Google Pays Tribute to Uvalde School Shooting Victim’s Colorful Artwork

Alithia Ramirez Doodle for Google

Photo: Google

In March, when she submitted her drawing to the Doodle for Google contest, 10-year-old Alithia Haven Ramirez was hopeful that her art would be recognized. Unfortunately, the young artist saw her life cut short in May at the devastating school shooting in Uvalde, Texas. Alithia was one of the 21 victims of a mass shooting at Robb Elementary School. Now, Google is celebrating her life by featuring the fourth grader's submission to the 2022 contest.

Alithia's delightful drawing shows a girl sitting on a couch with her cat. Next to her are two balls of yarn; and on the wall, the word Google is creatively spelled out as different works of art. In her submission, Alithia wrote, “I want the world to see my art and show the world what I can do, I want people to be happy when they see my passion in art.”

Doodle for Google is an annual contest now in its 14th year. The competition asks students from kindergarten to high school to submit an artwork based on a specific theme. This year's theme was self-care, and the artworks were judged by a panel led by actress-singer Selena Gomez, mental health activist Elyse Fox, and 2021 teacher of the year Juliana Urtubey. Fifty-four national and territorial winners were selected and then Google users voted for five finalists. National finalists receive a $5,000 scholarship and the overall winner will be awarded a $30,000 scholarship. They'll also see their work featured on

Though Alithia's drawing was not selected to advance to the finals, Google decided to pay homage to her on a special page. “In Alithia Ramirez's 2022 Doodle for Google submission, she described her desire to show the world her art and everything she can do, and we're committed to honoring those wishes and her legacy,” Google spokesperson Colette Garcia shared. “Her story and art profoundly touched us, and we wanted to honor her family's request to share her unique talents that were so tragically taken as a result of senseless violence.”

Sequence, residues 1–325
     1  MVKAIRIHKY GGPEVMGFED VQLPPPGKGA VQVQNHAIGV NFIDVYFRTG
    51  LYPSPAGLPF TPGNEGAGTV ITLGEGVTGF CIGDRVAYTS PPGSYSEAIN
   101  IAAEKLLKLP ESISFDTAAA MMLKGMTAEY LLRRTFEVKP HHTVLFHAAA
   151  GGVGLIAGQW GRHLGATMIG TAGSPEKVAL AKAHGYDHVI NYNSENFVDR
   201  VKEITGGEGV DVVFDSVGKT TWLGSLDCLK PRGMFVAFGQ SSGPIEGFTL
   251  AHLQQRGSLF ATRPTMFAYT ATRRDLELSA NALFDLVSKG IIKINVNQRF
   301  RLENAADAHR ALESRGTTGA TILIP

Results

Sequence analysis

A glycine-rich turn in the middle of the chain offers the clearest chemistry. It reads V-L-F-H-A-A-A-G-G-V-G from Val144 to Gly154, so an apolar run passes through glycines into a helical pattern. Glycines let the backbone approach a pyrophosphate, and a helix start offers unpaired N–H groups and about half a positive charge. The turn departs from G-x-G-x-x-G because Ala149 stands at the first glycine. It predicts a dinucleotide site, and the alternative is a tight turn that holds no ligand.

Alithia's family fondly recalls her love of art, with her father Ryan Ramirez remembering that she “always had a crayon in hand, just going to town.” When Ramirez met with President Biden in the aftermath of the shooting, the president promised that he'd hang one of Alithia's drawings in the White House.

Alithia's grandmother, Rosa Maria Ramirez, recalls her granddaughter preparing her drawing for the Doodle for Google contest.  Not long after the shooting, she spoke with ABC News and talked about Alithia's sweet disposition: “She was a very talented little girl. She loved to draw. She was real sweet, never getting into trouble. She was drawing to be able to put her drawing in the Google. She was trying to win the Google [contest].”

While Doodle for Google selects its five finalists on July 28 and announces the winner next month, this act of respect for Alithia's contribution is a true highlight of the contest.

h/t: [CNN]

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Jessica Stewart

Jessica Stewart is a Staff Editor and Digital Media Specialist for My Modern Met, as well as a curator and art historian. Since 2020, she is also one of the co-hosts of the My Modern Met Top Artist Podcast. She earned her MA in Renaissance Studies from University College London and now lives in Rome, Italy. She cultivated expertise in street art which led to the purchase of her photographic archive by the Treccani Italian Encyclopedia in 2014. When she’s not spending time with her three dogs, she also manages the studio of a successful street artist. In 2013, she authored the book 'Street Art Stories Roma' and most recently contributed to 'Crossroads: A Glimpse Into the Life of Alice Pasquini'. You can follow her adventures online at @romephotoblog.
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